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Published: March 31st 2014
Letter No. 5: A look of hope, but no smiles or waves, from a teenage girl
By David J. Jenkins, USU class of '98
December 20, 2004 · H
ello everyone. Greetings from Baghdad . . .
This morning we were out on a routine R&S (Recon and Surveillance) Patrol. This is when we drive around in circles for half the day until EVERYONE in Baghdad is aware of our existence. And, while we are out and about, we keep our eyes open for basic police-action type activity.
We had just finished patrolling a neighborhood when we emerged onto a main thoroughfare. Traffic was piling up in both directions and there was a very large median divider to prevent cars from making a left turn; however, we needed to go left. So, we inched our way out into the oncoming traffic.
Each of our vehicles moved within inches of the cars on either side of us, and we proceeded to drive straight ahead until we crept over the divider, which was slightly taller than a traditional curb. Our lead vehicle lurched up and then slammed back down as it made its way over. It made a loud squelching sound as the body of the truck bottomed out on the tires. They continued to creep along on the other side of the median, blocking out the cars approaching from the right, clearing a path for the rest of the convoy.
As we approached the median, we too made our way up onto the concrete slab. Our front wheels ascending until the road in front of us was out of view, and we were staring at the third story of the building directly ahead. The concrete median was wide enough that as our front wheels came crashing down, the rear wheels had not yet begun the climb. We just sat there, blocking traffic from both directions, waiting for the lead vehicle to move forward.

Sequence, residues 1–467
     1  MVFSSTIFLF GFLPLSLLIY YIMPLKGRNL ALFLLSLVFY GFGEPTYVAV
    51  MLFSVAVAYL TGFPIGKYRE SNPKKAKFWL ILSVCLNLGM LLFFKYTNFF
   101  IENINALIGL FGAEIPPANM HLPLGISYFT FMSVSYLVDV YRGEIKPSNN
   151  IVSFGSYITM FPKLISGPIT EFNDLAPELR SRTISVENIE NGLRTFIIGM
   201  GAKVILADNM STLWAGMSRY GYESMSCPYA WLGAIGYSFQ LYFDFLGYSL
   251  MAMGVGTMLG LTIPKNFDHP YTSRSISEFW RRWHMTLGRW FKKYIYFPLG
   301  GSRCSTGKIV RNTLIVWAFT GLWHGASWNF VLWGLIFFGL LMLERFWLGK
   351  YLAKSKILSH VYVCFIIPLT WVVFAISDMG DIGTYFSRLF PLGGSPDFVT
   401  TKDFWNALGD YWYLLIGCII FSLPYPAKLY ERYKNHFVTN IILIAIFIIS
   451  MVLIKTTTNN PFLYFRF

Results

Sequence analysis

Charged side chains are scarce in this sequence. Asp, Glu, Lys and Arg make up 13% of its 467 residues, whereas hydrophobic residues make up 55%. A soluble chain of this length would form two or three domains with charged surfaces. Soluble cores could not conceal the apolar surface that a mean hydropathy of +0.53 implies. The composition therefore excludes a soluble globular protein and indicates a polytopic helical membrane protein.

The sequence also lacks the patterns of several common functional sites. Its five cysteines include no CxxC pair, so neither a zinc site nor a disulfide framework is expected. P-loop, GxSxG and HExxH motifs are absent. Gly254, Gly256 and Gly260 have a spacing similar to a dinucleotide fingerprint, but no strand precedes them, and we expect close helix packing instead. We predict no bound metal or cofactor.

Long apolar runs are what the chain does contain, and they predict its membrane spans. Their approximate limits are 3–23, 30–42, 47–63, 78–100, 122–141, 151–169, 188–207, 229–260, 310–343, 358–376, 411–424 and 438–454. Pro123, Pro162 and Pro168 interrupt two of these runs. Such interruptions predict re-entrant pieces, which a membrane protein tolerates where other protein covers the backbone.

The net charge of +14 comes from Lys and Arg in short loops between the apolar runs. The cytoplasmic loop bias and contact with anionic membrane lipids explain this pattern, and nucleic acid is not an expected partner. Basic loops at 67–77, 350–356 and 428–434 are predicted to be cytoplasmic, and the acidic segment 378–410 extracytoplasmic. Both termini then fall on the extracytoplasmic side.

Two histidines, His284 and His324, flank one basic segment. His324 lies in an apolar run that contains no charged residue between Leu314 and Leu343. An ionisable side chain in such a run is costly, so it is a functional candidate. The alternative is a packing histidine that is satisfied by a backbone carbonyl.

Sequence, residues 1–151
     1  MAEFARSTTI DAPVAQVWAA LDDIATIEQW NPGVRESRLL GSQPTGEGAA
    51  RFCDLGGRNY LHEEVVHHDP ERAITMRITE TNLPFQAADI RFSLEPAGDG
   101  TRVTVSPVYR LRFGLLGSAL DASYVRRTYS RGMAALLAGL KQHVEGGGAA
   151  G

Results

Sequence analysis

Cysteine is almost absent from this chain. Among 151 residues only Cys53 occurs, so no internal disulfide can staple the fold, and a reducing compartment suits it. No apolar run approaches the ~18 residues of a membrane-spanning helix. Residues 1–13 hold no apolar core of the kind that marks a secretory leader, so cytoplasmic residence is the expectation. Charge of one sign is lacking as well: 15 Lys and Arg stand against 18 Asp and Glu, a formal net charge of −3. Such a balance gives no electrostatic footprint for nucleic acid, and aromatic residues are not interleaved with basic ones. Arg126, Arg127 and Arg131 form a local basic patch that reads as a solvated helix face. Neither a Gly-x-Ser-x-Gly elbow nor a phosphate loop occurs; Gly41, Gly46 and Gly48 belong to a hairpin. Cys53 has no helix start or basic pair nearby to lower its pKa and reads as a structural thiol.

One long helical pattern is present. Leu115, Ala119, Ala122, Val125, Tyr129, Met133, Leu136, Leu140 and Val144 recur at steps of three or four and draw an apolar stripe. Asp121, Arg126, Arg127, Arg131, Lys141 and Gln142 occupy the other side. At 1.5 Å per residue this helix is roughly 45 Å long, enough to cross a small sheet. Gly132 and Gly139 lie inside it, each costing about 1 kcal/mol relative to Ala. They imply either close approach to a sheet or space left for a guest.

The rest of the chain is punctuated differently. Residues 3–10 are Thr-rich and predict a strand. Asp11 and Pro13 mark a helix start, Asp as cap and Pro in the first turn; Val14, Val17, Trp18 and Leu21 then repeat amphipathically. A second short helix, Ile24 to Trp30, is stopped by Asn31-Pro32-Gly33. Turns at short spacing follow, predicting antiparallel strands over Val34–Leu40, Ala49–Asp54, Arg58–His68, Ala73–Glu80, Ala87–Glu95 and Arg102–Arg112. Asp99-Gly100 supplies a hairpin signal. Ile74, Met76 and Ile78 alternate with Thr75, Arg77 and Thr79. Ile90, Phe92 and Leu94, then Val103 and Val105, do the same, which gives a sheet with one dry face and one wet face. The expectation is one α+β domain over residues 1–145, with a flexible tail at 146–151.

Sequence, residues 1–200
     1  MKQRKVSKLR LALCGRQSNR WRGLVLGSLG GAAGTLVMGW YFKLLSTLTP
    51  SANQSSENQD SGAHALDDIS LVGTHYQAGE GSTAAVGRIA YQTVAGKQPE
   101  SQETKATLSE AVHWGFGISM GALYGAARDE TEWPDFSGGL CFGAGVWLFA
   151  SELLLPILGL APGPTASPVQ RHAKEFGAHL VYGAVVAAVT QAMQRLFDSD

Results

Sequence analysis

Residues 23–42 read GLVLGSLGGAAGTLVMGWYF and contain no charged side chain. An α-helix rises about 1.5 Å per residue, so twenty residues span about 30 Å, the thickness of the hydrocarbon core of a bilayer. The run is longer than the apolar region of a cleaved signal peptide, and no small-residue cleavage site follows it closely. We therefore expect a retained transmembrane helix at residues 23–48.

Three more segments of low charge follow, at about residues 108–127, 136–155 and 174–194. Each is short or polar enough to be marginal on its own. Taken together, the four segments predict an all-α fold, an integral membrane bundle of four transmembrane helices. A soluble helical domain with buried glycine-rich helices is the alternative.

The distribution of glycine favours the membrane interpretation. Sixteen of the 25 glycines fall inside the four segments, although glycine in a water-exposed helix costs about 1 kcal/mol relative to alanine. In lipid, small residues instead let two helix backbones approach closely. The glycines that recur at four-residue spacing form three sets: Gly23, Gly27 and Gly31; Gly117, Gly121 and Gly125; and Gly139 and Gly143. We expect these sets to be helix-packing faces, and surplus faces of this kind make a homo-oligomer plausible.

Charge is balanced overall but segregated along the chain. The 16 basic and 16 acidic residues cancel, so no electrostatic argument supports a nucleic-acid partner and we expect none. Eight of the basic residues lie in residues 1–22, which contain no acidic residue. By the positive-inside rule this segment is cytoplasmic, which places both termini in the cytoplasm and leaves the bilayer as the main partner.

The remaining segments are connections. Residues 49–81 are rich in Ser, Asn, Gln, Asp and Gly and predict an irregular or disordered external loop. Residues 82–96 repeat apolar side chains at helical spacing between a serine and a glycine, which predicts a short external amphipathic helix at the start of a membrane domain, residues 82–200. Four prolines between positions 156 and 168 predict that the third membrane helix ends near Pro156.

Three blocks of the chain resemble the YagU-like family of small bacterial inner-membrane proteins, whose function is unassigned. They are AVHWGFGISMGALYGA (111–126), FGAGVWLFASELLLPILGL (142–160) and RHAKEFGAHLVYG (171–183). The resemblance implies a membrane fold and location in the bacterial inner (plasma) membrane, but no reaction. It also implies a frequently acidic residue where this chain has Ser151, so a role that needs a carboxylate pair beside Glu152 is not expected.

I noticed that in front of us, two lanes over, was a mini-van. There were four older men, and what appeared to be a 17- or 18-year-old girl inside. She was just sitting there, inside the van, occupying the middle row of seats. Her forehead was glued to the window, eyes focused, gaze fixed, staring at us.
My first impulse was to smile and wave. We try to be friendly to the locals, acting in accordance with our first directive of "winning the hearts and minds of the Iraqi people." However, the traditions, customs and beliefs here are different than what we are used to. I then thought about the severe beating that she might receive from her father when she got home, for drawing attention to herself, especially from an American Soldier.
Still, there was the impulse to smile and wave. . . . Isn't it right to be friendly?
Then, I thought about the severe beating that I was sure to receive from my wife when I got home -- when she heard about me waving to young girls (and you know she would hear about it. . . . I don't know how, but they know). So, of course, I did the only decent thing, and diverted my attention elsewhere.
I could see the look of admiration on her face. The look of hope; hope for peace. I knew that if she could, she would wrap her arms around any one of us just to say, thank you. And, I pray that she saw the look of mutual respect; and the look of hope, on each of our faces.
Eventually, we were able to lurch our vehicle forward and free it from its vulnerable spot in the middle of the road. We entered yet another neighborhood and continued to make our presence known, until all of Baghdad could say, we saw the Oregon National Guard today; and, there is hope.
David J. Jenkins
Oregon Army National Guard, 2-162 Infantry
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